Spain

(827 words)

Author(s): Albes, Jens
Spain This one-time world power had sunk to the level of a second-rate power after the 17th century. During the World War, however, it grew to become the most important neutral state of Europe. Favorably situated geo-strategically – two continents plus two oceans meeting at the Straits of Gibraltar – Spain constituted a veritable island of neutrality, surrounded by the warring states of France with Morocco, England with Gibraltar, and after March 1916 Portugal as well. That caused this land on the Iberian Peninsula to unexpectedly become the object of international interest. Despite co…

Stereotypes

(627 words)

Author(s): Reimann, Aribert
Stereotypes Combatants developed their images of “us” and “them” along the lines of national stereotypes that echoed, to some degree, cultural impressions coined before the war. Frequently this involved the clearly pejorative, somewhat racist disparagement of the enemy. Occasionally this also involved the judgment implicit in their evolving typification of national characters, which sometimes was in effect along the fronts of the war and beyond. The oldest typification existed in the figure of Tommy Atkins, the typical British soldier. This idealization of the valorou…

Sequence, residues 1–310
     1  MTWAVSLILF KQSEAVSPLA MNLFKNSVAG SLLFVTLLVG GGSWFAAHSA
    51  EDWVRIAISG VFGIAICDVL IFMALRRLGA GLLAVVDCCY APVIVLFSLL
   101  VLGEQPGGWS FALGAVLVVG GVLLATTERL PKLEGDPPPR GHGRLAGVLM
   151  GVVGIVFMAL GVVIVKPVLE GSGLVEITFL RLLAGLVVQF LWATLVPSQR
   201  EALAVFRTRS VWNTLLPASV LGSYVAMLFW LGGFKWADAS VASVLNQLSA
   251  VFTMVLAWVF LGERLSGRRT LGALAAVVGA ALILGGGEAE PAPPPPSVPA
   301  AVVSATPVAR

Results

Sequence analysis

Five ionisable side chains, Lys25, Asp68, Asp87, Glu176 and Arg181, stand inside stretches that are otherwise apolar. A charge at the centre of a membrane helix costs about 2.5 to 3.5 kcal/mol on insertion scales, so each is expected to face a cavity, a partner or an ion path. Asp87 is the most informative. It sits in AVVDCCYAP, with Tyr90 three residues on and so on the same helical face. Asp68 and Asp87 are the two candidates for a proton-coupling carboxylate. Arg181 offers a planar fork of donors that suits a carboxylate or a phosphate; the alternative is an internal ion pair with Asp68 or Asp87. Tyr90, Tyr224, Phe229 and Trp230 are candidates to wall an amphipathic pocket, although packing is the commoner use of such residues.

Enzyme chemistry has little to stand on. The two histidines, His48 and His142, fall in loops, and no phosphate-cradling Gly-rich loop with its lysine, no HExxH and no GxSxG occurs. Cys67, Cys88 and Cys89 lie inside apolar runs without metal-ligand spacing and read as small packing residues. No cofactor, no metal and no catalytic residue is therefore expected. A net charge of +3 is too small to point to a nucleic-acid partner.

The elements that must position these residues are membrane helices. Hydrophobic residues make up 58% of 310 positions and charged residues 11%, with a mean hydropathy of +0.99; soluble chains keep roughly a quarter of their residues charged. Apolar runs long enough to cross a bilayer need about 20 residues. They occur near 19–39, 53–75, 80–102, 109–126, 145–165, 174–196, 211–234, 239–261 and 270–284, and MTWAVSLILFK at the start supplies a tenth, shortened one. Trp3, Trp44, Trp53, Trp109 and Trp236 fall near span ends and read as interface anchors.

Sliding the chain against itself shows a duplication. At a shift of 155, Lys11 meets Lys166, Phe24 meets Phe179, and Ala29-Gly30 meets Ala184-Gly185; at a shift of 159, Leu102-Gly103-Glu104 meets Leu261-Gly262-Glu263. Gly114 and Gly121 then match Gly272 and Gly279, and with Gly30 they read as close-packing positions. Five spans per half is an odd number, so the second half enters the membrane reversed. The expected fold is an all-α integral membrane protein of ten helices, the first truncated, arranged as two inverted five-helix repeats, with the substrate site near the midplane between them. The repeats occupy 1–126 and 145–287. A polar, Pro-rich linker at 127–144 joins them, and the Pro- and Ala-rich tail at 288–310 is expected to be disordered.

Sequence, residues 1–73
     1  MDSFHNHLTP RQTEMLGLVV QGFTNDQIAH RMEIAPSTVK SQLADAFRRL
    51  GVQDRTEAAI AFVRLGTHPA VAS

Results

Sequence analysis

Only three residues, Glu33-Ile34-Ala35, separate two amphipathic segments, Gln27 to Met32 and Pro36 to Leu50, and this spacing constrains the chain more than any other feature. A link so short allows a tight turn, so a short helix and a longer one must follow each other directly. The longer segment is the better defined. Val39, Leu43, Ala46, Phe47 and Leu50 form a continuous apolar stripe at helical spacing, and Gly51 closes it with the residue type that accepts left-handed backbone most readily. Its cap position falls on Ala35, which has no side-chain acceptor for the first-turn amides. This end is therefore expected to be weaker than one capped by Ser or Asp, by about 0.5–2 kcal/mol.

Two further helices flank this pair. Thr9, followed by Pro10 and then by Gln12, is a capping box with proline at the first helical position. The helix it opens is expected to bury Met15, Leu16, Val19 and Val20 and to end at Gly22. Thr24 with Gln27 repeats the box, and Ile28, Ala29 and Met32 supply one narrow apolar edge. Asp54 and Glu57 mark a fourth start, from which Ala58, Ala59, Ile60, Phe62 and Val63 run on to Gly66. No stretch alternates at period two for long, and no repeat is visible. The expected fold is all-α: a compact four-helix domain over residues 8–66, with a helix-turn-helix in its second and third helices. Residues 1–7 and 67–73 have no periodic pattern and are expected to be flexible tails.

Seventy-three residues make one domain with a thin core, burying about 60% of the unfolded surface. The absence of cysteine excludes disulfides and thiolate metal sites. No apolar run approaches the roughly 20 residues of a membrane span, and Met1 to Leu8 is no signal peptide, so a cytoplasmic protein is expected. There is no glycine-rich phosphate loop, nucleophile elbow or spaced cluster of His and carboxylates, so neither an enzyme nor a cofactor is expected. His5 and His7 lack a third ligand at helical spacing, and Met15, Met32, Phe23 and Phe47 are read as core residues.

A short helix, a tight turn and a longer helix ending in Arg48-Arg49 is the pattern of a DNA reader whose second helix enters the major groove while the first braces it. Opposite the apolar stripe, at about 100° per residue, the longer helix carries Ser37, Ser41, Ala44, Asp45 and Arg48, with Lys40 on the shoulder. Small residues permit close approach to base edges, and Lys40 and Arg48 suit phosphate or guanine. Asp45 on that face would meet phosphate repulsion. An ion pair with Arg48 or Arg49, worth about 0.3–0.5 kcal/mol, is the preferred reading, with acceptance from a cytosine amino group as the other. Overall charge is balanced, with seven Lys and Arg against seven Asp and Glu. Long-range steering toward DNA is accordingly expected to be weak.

Luring Neutrals: Allied and German Propaganda in Argentina during the First World War

(10,707 words)

Author(s): Tato, María Inés
Tato, María Inés - Luring Neutrals: Allied and German Propaganda in Argentina during the First World War ISFWWS-Keywords: South America | Economy | Literature | Culture | Britain | The United States of America | France | Germany | Naval Warfare World War I and Propaganda Troy R.E. Paddock , (2014) Publication Editor: Brill, The Netherlands, 2014 e-ISBN: 9789004264571 DOI: 10.1163/9789004264571_016 © 2014 Koninklijke Brill NV, Leiden, The Netherlands Tato, María Inés